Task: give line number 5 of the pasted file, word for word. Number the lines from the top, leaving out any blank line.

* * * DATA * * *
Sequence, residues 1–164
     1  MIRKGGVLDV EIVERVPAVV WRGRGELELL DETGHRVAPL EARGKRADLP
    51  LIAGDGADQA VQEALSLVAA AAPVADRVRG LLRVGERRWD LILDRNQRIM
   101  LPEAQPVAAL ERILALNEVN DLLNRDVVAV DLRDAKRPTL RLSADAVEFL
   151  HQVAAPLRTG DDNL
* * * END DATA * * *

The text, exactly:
   151  HQVAAPLRTG DDNL